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This has got to stop.

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*  When I first encountered the phrase “critical thinking”, especially if someone said it in relation to questions I was asking, I’d always deny it.  My mother was raised in the South.  She took great pains to teach me how to be a “lady” (even if I didn’t follow it overmuch).  As a result, if someone said I was engaging in critical thinking it sounded like a criticism itself.  I didn’t want to sound “critical” ( = grumpy / wrong / bad).  I just wanted things to add up – I wanted to know the truth.  Sort of the same thing happened  when I went to the doctor.  They always wanted me to list my “complaint”.  I kept trying to explain that  I wasn’t complaining!  I was just sick… Um, I’m sorry to bother you?  Ha!  Strange what goes through the mind of a kid.

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Q & A: In what ways are many liberals out of touch with the real world?

I’ll tell you one big way (speaking as a radical leftist) – I was under the delusion that the overwhelming majority of Americans were kind, non-judgmental, and fairly smart, and there were just a few very loud White Supremists and other bigots making a lot of racket… I thought working-class white Americans were upset because the economic system was going less and less in their favor, and although some folks blamed those worse off than themselves for this, they would support legislators and programs that helped everyone – including themselves.

Turns out there are apparently a LOT of Americans – perhaps a majority – who are consumed with hatred towards those unlike them, whether those people are brown, non-Christian, non-hetero-normative, not American citizens, whatever. There are a LOT of Americans – perhaps a majority – who would support policies that hurt them personally, as long as those unlike them are hurt worse.

This is not a reality that it has been pleasant to face. Thanks for asking.

REALLY well said, Sadie! <applause> I’ve been saying much the same, always in a bit of a daze. I thought those you speak of, the ones consumed with hatred to the point of madness, were part of the “lunatic fringe”. I knew they were there, but such a minority that they shouldn’t be taken seriously. I was so… so wrong. What an unpleasant lesson to learn. At the (very) least, know you’re not alone.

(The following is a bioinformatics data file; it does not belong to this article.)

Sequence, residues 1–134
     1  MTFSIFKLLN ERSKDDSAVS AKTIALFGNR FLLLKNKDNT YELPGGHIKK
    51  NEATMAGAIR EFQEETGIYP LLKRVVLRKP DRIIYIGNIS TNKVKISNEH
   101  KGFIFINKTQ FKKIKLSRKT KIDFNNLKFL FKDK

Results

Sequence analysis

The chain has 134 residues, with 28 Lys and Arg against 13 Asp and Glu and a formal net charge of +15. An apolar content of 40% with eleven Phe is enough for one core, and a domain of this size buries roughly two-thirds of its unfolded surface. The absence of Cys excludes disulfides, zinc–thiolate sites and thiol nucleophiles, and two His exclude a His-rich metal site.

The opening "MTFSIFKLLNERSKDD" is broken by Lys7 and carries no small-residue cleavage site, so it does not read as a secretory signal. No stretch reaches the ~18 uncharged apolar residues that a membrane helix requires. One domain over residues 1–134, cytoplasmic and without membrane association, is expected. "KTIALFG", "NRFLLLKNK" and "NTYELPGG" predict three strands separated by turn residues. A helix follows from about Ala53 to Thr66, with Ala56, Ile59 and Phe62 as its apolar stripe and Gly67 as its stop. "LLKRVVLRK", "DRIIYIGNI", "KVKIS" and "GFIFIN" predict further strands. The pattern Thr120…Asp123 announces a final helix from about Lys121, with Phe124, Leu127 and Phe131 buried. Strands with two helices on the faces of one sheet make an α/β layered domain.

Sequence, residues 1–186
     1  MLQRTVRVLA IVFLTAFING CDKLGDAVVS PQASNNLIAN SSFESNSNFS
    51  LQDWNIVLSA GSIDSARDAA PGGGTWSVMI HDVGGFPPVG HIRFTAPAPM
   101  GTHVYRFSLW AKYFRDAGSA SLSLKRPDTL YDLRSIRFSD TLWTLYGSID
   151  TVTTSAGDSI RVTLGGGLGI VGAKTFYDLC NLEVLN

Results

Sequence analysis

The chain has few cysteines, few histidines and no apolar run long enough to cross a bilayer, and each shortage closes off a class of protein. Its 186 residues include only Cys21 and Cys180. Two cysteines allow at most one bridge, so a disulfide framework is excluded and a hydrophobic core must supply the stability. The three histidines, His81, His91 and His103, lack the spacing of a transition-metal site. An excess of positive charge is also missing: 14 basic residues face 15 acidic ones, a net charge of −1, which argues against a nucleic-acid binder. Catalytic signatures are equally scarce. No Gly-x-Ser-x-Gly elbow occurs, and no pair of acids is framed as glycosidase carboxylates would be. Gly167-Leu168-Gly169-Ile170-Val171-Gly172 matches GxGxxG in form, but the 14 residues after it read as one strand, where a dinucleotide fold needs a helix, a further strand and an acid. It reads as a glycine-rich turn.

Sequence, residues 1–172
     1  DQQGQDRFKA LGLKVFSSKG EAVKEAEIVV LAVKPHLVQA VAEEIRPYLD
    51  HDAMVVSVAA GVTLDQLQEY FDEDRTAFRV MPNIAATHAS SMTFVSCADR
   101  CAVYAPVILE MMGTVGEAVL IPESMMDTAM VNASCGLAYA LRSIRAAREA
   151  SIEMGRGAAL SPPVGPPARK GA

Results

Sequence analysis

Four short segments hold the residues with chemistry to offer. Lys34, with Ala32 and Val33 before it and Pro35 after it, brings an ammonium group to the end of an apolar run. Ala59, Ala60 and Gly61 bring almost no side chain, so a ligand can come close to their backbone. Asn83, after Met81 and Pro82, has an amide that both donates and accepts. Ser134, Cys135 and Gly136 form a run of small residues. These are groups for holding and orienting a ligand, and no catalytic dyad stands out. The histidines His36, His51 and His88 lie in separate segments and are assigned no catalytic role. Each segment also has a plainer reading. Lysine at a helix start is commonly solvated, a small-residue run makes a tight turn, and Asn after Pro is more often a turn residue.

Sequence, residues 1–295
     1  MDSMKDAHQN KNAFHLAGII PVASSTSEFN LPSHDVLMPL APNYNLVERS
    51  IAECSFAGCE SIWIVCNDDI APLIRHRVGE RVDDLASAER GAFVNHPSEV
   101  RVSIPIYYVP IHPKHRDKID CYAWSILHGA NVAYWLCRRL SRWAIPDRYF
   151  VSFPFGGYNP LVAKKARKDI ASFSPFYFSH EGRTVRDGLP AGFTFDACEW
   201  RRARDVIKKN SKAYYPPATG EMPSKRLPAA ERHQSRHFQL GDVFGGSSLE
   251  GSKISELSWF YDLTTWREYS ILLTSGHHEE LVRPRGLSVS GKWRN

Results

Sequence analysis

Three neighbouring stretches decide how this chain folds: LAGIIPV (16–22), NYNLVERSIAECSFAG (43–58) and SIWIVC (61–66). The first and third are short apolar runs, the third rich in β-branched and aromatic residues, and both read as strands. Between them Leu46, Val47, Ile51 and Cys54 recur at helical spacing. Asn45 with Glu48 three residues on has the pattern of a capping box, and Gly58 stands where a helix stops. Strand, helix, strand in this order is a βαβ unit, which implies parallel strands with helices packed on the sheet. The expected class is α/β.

That’s interesting Paul. There’s no need to project. I’m happy to tell you what I thought. 😉

I’m southern. My entire family is southern. My grandfather was one of the most racist individuals I’ve ever known. He refused to eat food prepared by African Americans. He saw one spit in a white person’s food once – that was enough for him.

My mother was his only child. She rejected everything he taught her about racism. She married a military officer, traveled the world, learned all she could about living a life based on the idea that everyone brings something amazing to the table. This is what she taught her children.

Which brings us to me. When I lived in New Orleans I had a great deal of hate directed at me for the color of my skin. After Katrina, when Mayor Nagin assured the world that “We as black people, it’s time, it’s time for us to come together. It’s time for us to rebuild a New Orleans, the one that should be a chocolate New Orleans. And I don’t care what people are saying Uptown or wherever they are. This city will be chocolate at the end of the day” I was the least surprised person in the world. Ok, I was a little surprised that a politician said the soft part loud, but that’s it.

It made sense to me that a minority population would want to claim a city where they could live as the majority. But even then, trying hard to listen, to see what it was like, I was still outside the experience. I still thought that the hate, the prejudice, the discrimination was directed by a very vocal, extremely active minority. Surely humans as a whole were better than that. Which isn’t to say that African Americans don’t experience discrimination. Not at all. But the majority of people do not default to hate. African Americans, like all others who experience discrimination, were actively targeted by humans on the verge of madness. A vocal minority. The lunatic fringe.

That was my mistake. My partner teaches Cultural Diversity classes. I help grade the papers. I’ve read the stories for over a decade, each one describing what it’s like to live under the thumb of prejudice based on stereotype. I vowed that I would not behave in that fashion. I would not tolerate the presence of anyone who did. I taught others not to act on hate. When Obama was elected I took it as proof that these efforts were working. That hate was still present, but not dominant.

I was wrong.

I didn’t understand how comforting hate and anger is to so many. I didn’t understand that some humans truly believe they can hate in the name of love. I have a very difficult time comprehending how someone can hate in the name of Christianity. I didn’t think hate was winning.

I was wrong.

Chocolate City speech – Wikipedia

Q & A: How does a 14 year old save up money to leave home?

Unfortunately, the legal system is already against you. You aren’t old enough to sign a legal contract. Which means you won’t be able to find a place to live or to hold a job until you’re either legally emancipated either by age or court order.